Har­vard prof Omid Farokhzad heads west, set­ting up a new Bay Area biotech on a mis­sion to start a rev­o­lu­tion in pre-symp­to­matic dis­ease de­tec­tion

As a Har­vard pro­fes­sor with close ties to MIT’s Bob Langer, Omid Farokhzad has en­joyed a high-pro­file role in the Boston/Cam­bridge biotech com­mu­ni­ty, where he’s par­tic­i­pat­ed in launch­ing a line­up of star­tups. And now Farokhzad — whose ac­com­plish­ments ex­tend to his role as physi­cian-sci­en­tist at Brigham and Women’s Hos­pi­tal — has put it all in his rear view mir­ror, jour­ney­ing out to the Bay Area to launch a new biotech he vows can go on to play a rev­o­lu­tion­ary role in open­ing the door to the ear­ly de­tec­tion of dis­eases.

And this time, he’s helm­ing the ven­ture as a first-time CEO.

The com­pa­ny is called Seer, which is tak­ing its place in the bustling biotech hub that Genen­tech helped cre­ate in South San Fran­cis­co. The big idea: Shift­ing away from ge­nomics, Seer’s team has been build­ing a pro­teomics plat­form that will do some pop­u­la­tion-wide ex­plo­rations, build­ing a moun­tain of da­ta that can be probed with ma­chine learn­ing tech in search of in­sights in­to dis­eases that can be used to de­vel­op liq­uid biop­sy prod­ucts for ear­ly-stage di­ag­no­sis.  

Bob Langer

The ear­li­er you are in de­tect­ing dis­ease, the bet­ter your chances of cur­ing it — or stop­ping it from be­com­ing a threat. If it works, Seer will build and mar­ket liq­uid biop­sy prod­ucts for pre-symp­to­matic dis­eases, start­ing with can­cer and neu­rol­o­gy.

Why the abrupt change of lo­cale and jobs? We talked about that.

“If I didn’t put my own fin­ger­print on (Seer) in a mean­ing­ful way,” Farokhzad tells me, “I knew I would re­gret it for the rest of my life.”

The Bay Area, he adds, is the on­ly place he can find the right tal­ent mix to do this com­plex tech work on the pro­teome, a dis­ci­pline that would re­quire ex­per­tise in nan­otech­nol­o­gy (his spe­cial­ty), pro­tein chem­istry, ma­chine learn­ing and da­ta an­a­lyt­ics for a mas­sive amount of da­ta — “done rapid­ly at scale.”

Hav­ing formed Seer a year ago, Farokhzad left his Cam­bridge/Boston post last March to join a team that has since grown to 20. Dur­ing that time, he’s pieced to­geth­er $36 mil­lion in ven­ture sup­port for his com­pa­ny. That group of back­ers in­cludes Mav­er­ick Ven­tures and In­vus.

Philip Ma

MIT’s pro­lif­ic Langer, who’s al­lied with his for­mer post­doc stu­dent on star­tups like Blend Ther­a­peu­tics — which lat­er re­tooled its tech and changed its name to Tarve­da — is in for the ride, lead­ing the sci­en­tif­ic ad­vi­so­ry group for Seer. And then there’s Philip Ma, the pres­i­dent and chief busi­ness de­vel­op­ment of­fi­cer. The ex-McK­in­sey part­ner set up the Dig­i­tal Health Tech­nolo­gies and Da­ta Sci­ences group at Bio­gen. The rest of the team — which will dou­ble in size over the next year — in­cludes a broad range of tal­ents.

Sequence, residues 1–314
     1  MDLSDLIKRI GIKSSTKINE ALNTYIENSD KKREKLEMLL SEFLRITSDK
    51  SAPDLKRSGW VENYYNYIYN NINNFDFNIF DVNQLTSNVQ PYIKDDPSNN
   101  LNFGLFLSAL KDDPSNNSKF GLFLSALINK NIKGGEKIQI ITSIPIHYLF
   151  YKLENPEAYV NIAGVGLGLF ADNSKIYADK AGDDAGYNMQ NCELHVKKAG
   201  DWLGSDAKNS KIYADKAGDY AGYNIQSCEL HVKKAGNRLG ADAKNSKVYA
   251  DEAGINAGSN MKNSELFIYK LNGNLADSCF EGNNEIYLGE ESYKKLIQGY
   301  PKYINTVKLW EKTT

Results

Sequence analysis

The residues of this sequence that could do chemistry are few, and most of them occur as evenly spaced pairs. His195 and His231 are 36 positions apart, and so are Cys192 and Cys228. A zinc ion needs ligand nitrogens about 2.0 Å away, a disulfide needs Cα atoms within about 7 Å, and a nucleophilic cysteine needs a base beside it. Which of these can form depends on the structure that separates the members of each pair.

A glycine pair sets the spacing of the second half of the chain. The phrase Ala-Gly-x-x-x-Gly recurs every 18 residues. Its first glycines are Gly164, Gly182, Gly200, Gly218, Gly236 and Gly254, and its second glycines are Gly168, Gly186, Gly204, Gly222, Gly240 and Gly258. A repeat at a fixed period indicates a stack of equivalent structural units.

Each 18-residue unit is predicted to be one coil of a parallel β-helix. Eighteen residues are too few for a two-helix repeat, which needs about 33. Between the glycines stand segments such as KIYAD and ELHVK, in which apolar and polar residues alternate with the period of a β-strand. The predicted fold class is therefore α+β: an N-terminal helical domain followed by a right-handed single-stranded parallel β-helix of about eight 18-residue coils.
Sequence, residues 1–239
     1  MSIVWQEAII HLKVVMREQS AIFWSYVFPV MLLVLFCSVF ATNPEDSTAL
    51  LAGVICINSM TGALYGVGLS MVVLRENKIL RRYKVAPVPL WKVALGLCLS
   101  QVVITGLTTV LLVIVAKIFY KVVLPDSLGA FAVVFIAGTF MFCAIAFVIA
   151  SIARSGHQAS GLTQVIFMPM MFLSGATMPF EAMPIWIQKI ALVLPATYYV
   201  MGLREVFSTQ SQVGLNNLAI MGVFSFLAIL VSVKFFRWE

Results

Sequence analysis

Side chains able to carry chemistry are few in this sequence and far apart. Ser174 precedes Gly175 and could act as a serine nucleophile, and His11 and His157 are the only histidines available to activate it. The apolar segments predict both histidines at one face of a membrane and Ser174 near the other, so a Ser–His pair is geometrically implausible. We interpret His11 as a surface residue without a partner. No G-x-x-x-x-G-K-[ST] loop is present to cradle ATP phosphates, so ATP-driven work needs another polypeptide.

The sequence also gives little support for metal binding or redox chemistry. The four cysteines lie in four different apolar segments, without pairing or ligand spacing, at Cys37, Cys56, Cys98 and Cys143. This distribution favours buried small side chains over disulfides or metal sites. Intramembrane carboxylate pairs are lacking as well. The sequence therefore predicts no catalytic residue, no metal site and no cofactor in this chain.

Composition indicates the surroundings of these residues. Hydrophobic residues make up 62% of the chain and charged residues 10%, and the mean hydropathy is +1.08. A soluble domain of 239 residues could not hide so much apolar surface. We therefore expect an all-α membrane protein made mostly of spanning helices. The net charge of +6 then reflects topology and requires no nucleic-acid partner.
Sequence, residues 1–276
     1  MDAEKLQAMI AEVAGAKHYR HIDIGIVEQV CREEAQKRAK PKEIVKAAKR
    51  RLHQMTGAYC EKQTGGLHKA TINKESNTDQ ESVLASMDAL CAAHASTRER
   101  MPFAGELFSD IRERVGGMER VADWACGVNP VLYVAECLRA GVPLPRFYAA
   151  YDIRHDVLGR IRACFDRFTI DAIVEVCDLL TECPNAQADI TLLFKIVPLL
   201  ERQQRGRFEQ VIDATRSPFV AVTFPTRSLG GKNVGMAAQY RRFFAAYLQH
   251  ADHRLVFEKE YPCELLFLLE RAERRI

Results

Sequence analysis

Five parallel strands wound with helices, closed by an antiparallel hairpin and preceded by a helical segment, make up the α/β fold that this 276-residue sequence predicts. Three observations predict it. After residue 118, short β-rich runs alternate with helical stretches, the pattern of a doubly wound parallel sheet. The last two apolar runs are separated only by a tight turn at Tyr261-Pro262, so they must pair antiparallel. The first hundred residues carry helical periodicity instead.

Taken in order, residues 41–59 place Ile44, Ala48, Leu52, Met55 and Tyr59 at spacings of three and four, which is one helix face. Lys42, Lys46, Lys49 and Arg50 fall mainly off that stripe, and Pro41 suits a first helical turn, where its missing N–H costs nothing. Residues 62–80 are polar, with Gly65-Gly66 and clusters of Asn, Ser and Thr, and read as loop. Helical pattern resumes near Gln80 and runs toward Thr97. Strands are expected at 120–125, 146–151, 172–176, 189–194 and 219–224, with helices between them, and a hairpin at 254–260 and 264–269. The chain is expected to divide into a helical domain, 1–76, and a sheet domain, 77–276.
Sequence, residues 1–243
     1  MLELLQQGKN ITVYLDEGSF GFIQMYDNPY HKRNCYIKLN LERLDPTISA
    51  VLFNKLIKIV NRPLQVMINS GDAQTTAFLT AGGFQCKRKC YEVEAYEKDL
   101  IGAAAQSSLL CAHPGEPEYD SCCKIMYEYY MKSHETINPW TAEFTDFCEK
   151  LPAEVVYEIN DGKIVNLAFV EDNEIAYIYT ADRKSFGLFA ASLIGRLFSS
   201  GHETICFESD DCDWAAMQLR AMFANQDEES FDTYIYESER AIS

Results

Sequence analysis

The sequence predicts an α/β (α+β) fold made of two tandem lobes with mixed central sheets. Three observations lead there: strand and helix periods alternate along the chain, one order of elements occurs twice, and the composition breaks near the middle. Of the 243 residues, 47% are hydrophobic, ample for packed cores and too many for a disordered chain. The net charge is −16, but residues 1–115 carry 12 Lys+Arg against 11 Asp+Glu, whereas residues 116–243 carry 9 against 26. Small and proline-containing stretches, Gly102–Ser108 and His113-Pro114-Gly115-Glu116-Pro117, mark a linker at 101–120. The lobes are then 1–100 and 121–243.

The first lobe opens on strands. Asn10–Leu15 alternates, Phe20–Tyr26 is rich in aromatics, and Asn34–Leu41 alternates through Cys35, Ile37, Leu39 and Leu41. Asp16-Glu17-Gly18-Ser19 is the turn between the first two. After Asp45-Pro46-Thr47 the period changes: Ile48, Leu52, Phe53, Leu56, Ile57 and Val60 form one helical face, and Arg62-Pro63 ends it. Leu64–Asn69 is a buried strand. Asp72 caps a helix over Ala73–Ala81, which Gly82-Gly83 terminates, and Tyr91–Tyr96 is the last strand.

Farokhzad be­lieves they should be po­si­tioned to start pro­duc­ing clin­i­cal read­outs from their de­vel­op­ment work in 2019 and 2020, with their first new prod­uct on the 2021 time hori­zon.

“Pre­clin­i­cal is tough to de­ci­pher,” says the sci­en­tist. “You have to get in­to clin­i­cal stud­ies to re­al­ly un­der­stand what’s go­ing on.”

The sci­en­tist has banked plen­ty of ex­pe­ri­ence along the way of an event­ful ca­reer. His list of star­tups in­cludes Se­lec­ta as well as Bind Bio­sciences, which sold off its as­sets un­der bank­rupt­cy.

At this point, the tech­nol­o­gy he’s now fo­cused on has reached the stage where you can do some­thing fast with a small num­ber of pro­teins, or take days and weeks to go broad. Farokhzad be­lieves Seer is po­si­tion­ing it­self to go broad fast, which could have ma­jor im­pli­ca­tions. Be­ing able at some point to re­li­ably iden­ti­fy pre-symp­to­matic Alzheimer’s, to use the most ob­vi­ous and chal­leng­ing ex­am­ple, would open up a new ap­proach to drug de­vel­op­ment af­ter bil­lions of dol­lars have been burned up in fruit­less R&D pro­grams.

Big dream? You could say so. If Il­lu­mi­na is the leader in ge­nomics, Farokhzad be­lieves the new­ly un­veiled Seer can be­come a gi­ant just as big fol­low­ing the pro­teomics path­way.

“There is an ex­treme­ly large vac­u­um to fill in be­com­ing a leader in this field,” he says. “We’re talk­ing about many tens of bil­lions of mar­ket op­por­tu­ni­ty.”